During the time of the harvest in India, as the monsoon season ends, the rice fields across the countryside are verdant and abundant. So, too, are the fields of people’s hearts—they are full of exuberance. People cannot help but offer their gratitude to Mother Earth, the great Goddess, and the various forms in which she manifests. Therefore, people throughout the country come together to celebrate the festival of Navaratri by worshipping the Devi in different ways—through participating in puja, singing hymns of praise, storytelling, fasting, preparing and sharing sumptuous foods, and performing jubilant dances called garba. This festival spans nine nights, and culminates on the tenth day with the celebration of Dasera, also known as Vijayadashami, which is, according to the Indian calendar, panchanga, one of the three and a half most auspicious days of the year.
On the Siddha Yoga path, when we observe Navaratri, we are honoring the Devi as the embodiment of Kundalini Shakti, the spiritual energy that Shri Guru awakens within us with the bestowal of grace, shaktipat diksha.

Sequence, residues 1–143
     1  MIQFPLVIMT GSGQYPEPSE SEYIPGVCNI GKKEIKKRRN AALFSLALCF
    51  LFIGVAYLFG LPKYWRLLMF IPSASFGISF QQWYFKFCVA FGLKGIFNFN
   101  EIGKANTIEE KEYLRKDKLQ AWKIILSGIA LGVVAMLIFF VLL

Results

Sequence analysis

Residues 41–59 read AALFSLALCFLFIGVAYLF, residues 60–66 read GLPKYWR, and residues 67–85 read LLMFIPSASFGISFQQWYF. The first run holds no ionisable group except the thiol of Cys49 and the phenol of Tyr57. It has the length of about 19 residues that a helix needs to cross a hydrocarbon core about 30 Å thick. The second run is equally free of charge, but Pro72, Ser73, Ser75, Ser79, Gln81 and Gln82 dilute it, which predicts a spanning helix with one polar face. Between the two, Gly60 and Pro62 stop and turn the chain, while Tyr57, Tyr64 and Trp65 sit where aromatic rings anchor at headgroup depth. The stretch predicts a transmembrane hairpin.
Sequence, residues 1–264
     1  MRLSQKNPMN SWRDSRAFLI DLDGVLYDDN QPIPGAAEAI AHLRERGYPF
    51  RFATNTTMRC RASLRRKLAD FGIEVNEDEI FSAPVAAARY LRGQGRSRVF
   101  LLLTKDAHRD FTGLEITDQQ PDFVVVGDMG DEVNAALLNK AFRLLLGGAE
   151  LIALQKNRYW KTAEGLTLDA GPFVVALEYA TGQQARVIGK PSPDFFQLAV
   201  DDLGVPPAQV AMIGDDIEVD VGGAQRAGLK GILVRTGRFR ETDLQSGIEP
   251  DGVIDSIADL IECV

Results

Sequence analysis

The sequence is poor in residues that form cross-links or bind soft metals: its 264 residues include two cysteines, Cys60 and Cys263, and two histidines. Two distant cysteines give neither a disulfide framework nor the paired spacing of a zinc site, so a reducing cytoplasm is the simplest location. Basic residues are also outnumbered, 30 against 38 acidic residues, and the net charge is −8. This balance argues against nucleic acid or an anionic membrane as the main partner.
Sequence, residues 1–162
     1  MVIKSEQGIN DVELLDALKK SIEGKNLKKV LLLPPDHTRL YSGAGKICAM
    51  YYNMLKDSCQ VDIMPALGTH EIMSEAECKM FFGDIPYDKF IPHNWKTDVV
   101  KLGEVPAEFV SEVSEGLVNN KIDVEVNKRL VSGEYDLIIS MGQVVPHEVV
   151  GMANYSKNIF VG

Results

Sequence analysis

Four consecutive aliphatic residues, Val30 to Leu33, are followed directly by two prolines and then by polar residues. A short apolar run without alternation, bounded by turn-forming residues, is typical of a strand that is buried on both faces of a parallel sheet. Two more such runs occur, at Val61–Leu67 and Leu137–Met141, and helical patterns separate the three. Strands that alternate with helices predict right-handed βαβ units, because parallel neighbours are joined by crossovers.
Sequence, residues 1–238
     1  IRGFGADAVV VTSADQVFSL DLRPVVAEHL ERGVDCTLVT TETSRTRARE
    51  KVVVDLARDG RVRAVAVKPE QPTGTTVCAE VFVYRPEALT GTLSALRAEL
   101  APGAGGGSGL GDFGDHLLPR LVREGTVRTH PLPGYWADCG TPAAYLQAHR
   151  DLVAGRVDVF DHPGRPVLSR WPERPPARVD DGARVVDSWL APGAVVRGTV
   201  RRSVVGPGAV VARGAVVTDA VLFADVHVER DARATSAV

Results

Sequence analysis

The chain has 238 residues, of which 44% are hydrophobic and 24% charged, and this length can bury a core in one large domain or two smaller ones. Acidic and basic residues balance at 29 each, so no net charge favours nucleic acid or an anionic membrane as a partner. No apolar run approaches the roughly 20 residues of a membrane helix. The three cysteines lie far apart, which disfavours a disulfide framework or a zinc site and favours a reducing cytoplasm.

For this year’s celebration of Navaratri, Management in the SYDA Foundation invited Santosh Mudgal, a Brahmin priest from Vajreshwari, India, to perform puja on each of the nine nights. For two generations, priests in Santosh bhau’s family—first his father and now Santosh bhau himself—have been performing many pujas and havans in Gurudev Siddha Peeth, the Siddha Yoga Ashram in Ganeshpuri, India.
The title of this photo gallery, Oṁ Namaścaṇḍikāyai, is a mantra that invokes the blessings of the Devi. Baba Muktananda loved to sing hymns extolling the greatness of the Devi. You can listen to Baba singing these Devi hymns, including the stirring invocation Oṁ Namaścaṇḍikāyai, on Shri Devi Stotram, a recording in the Siddha Yoga Bookstore.
The Oṁ Namaścaṇḍikāyai gallery depicts the celebration of Navaratri in Shree Muktananda Ashram, including the puja performed by Santosh bhau to three main forms of the Devi that are honored during this festival: Mahadurga, Mahalakshmi, and Mahasarasvati.
Some of the images of the puja in the gallery depict the yajaman, a ritual role traditionally fulfilled by a married couple, who make offerings on behalf of everyone participating in the puja.
As you view photos of the Navaratri puja at Shree Muktananda Ashram, you may wish to hold an awareness of the intention for the puja. You may also wish to read about the symbolic significance of the altar and offerings for the Navaratri puja and listen to a recording of dhyanam mantras.